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Montessori and Older Kid Discipline - Thoughts and Tips

As parents, I think we all expect the toddler and maybe even the preschool years to be full of challenging moments. We expect big feelings, impulsive behavior, and the need to set gentle but firm limits. But, I think it’s also quite common for us to expect that by elementary school a lot of these problems are behind us. These are “big” kids. These are kids that can listen, that can understand rules, and remember expectations. And sometimes we end up being really disappointed when that’s not quite reality.

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Montessori on Second Plane Kids

Let’s look at what Maria Montessori said about children in the second plane. I've taken a few quotes from a couple of books that focus on ages 6 to 12. First, here are a few of Maria's thoughts from To Educate the Human Potential:

“Whatever is presented to him must be beautiful and clear, striking his imagination. Once this love has been kindled, all problems confronting the educationist will disappear.”

"An inner change has taken place, but nature is quite logical in arousing now in the child not only a hunger for knowledge and understanding, but a claim to mental independence, a desire to distinguish good from evil by his own powers, and to resent limitation by arbitrary authority." 

“Our teaching must only answer the mental needs of the child, never dictate them. Just as a small child cannot be still because he is in need of coordinating his movements, so the older child, who may seem troublesome in his curiosity over the what, why and wherefore of everything he sees, is building up his mind by this mental activity, and must be given a wide field of culture on which to feed.“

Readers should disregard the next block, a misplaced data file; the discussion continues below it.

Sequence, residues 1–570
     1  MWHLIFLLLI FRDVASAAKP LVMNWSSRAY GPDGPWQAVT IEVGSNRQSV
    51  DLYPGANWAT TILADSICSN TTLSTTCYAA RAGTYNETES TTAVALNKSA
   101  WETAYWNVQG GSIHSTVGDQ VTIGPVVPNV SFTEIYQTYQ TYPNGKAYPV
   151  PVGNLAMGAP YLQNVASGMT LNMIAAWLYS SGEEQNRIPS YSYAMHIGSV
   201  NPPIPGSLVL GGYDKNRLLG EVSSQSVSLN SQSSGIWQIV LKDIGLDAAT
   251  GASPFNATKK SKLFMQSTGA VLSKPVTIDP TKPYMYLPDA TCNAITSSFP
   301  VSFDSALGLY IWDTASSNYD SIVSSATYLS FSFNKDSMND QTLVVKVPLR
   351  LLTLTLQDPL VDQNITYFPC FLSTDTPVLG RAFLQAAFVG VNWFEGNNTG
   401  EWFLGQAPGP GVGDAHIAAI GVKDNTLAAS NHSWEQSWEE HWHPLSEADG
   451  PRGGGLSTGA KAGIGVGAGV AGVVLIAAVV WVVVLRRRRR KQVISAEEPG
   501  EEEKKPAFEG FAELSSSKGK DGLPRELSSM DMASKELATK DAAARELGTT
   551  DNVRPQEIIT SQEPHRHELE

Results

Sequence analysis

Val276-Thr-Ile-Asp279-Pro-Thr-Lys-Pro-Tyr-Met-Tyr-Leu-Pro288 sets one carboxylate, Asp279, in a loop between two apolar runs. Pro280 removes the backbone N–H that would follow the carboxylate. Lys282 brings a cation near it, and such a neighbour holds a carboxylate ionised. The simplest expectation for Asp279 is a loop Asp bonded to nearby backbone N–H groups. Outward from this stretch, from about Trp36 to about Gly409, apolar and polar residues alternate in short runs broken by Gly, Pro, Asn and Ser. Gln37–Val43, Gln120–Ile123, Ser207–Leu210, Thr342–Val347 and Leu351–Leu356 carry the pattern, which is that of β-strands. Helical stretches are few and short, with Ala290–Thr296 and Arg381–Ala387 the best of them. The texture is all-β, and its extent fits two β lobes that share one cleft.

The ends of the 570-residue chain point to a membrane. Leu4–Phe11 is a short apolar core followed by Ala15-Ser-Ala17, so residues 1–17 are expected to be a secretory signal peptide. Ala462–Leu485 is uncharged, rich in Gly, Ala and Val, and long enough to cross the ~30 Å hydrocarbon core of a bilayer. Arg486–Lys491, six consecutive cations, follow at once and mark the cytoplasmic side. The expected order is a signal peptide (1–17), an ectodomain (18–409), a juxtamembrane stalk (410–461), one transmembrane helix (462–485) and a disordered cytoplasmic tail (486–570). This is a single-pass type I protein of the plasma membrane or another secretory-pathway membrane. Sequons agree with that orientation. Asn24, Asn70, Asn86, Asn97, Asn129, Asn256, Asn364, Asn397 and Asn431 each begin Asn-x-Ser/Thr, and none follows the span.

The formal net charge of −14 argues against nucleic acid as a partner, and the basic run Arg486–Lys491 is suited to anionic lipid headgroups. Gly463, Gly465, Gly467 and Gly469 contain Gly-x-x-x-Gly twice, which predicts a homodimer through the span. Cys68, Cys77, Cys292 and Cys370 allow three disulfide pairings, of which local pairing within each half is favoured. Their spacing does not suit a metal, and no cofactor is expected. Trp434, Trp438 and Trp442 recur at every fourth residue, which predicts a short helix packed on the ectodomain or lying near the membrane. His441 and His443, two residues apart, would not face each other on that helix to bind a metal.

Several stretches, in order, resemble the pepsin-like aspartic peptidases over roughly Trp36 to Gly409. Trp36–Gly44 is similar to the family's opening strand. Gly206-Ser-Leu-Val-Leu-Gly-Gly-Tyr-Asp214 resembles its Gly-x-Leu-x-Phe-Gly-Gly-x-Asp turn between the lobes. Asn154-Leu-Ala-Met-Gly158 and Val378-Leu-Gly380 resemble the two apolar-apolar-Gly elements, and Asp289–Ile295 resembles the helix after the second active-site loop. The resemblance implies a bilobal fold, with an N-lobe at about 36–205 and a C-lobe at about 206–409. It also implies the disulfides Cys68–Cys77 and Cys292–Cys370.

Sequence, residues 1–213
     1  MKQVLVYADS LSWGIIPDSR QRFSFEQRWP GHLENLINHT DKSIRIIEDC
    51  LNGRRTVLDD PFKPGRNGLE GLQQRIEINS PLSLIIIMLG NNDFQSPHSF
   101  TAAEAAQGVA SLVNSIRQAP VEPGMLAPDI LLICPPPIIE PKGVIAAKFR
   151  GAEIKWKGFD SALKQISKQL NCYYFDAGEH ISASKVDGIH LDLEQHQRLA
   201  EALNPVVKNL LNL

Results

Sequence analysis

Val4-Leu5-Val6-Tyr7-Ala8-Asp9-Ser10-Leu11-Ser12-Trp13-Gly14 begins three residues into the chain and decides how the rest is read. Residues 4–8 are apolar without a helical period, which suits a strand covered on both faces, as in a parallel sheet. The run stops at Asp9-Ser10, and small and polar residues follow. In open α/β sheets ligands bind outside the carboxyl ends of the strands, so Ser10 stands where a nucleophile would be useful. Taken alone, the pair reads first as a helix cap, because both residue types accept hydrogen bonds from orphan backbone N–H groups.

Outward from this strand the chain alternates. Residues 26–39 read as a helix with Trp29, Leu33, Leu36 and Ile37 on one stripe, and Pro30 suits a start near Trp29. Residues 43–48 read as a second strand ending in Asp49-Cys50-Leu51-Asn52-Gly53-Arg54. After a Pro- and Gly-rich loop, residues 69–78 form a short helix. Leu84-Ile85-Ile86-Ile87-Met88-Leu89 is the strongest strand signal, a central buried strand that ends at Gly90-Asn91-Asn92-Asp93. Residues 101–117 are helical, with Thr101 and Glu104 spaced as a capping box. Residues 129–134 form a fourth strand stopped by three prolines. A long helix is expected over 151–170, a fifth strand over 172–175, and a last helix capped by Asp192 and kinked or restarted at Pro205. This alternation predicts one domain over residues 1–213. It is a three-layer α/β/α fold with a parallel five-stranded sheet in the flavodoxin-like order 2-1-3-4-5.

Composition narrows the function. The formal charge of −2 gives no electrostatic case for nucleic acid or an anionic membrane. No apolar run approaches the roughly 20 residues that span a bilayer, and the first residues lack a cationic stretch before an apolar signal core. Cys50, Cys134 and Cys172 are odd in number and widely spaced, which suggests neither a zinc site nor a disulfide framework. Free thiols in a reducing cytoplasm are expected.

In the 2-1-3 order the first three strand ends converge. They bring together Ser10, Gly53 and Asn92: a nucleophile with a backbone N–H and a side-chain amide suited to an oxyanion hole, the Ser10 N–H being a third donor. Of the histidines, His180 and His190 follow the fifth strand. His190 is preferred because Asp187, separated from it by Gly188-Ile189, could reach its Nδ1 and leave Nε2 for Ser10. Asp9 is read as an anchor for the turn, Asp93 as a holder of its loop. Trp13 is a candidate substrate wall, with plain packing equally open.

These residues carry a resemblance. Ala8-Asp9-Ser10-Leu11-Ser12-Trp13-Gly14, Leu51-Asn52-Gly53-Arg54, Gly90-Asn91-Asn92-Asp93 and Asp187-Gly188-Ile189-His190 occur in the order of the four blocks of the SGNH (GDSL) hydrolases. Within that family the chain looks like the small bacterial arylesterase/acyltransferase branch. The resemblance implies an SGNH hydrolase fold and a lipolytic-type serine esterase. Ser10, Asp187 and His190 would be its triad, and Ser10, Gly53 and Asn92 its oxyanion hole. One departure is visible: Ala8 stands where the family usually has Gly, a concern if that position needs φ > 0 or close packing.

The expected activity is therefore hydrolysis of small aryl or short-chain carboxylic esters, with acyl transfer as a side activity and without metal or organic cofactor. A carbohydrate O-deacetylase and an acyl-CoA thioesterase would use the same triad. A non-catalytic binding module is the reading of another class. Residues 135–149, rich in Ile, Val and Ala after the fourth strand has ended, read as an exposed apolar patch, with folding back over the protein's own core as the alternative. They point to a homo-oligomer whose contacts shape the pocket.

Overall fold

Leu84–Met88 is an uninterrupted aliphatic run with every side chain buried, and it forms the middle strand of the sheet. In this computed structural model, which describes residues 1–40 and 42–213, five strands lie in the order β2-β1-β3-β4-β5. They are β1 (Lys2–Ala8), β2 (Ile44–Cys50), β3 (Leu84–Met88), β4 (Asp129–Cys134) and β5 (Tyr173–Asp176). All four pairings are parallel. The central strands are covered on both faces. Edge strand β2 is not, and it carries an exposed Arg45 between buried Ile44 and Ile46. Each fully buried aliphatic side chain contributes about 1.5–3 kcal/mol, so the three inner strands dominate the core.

"Here we may usefully call to our aid some myths or fairy-tales, but they must be such as symbolize truths of nature, not the wholly fantastic."

And these from her book From Childhood to Adolescence

“The child must exercise a constant watch over his own activities."

“The children become accustomed to greater challenges of a more serious and a harder form of life. While the younger child seeks comfort, the older child is now eager to encounter challenges. But these challenges must have an aim.”

"But the adults find this being, newly born to the world, a bit annoying."

So breaking this down a bit. One, second plane children can be annoying. She also at one point calls them rude. They are still little, they are still learning, and they are not mini-adults. Two, they are up for new challenges but only when they under the context of why and how. They need to know more, they want more! Three, they live for the dramatic. They need to see and feel things with their imagination.


So, how practically does this effect our discipline as Montessori parents? We have to remember these three principles in all our interactions with second plane kids!

Expectations. First, we have to adjust our own expectations. We always need to remember to keep our expectations reasonable. We can’t expect perfection. Their job is to ask why, and how. They need to figure out social rules and how it all works. Everyone is much happier if we don’t expect perfection.

Challenges and Context. Two, we also have to remember that these kids are often ready for big work and more responsibility. But we can’t give this responsibility in isolation. We have to get buy in from this age group, they need to know why it’s important and why we are asking something of them. This context is essential for compliance. We have to remember they need the aim.

Harness their Imagination. You can’t just tell them the rules, or show them the rules, you have to get dramatic. Appeal to their imagination and tell stories. Use stories to your advantage and they are much more likely to be interested, remember, and learn.

Montessori parenting advice for older children. Here are some tips on how to approach discipline and limit setting with older children in Montessori.

Have you seen some of these shifts in your older children?



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